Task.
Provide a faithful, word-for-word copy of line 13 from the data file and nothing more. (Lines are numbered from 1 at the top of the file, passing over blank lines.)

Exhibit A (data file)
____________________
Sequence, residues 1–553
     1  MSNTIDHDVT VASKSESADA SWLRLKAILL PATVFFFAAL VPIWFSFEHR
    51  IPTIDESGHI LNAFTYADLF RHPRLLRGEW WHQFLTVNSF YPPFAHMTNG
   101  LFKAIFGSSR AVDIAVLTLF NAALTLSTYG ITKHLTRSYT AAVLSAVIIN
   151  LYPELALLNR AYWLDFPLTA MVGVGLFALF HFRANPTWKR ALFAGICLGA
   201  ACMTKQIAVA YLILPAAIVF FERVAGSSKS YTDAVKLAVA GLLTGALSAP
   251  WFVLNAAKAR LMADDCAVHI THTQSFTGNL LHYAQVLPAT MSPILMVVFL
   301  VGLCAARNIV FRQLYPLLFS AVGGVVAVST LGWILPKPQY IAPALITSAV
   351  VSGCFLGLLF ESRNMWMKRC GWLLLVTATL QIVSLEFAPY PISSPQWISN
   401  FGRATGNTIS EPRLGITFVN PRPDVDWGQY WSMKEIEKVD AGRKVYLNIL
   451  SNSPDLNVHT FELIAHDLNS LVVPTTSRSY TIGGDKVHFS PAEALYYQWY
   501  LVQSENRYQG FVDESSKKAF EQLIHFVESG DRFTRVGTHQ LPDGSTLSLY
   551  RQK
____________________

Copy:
   551  RQK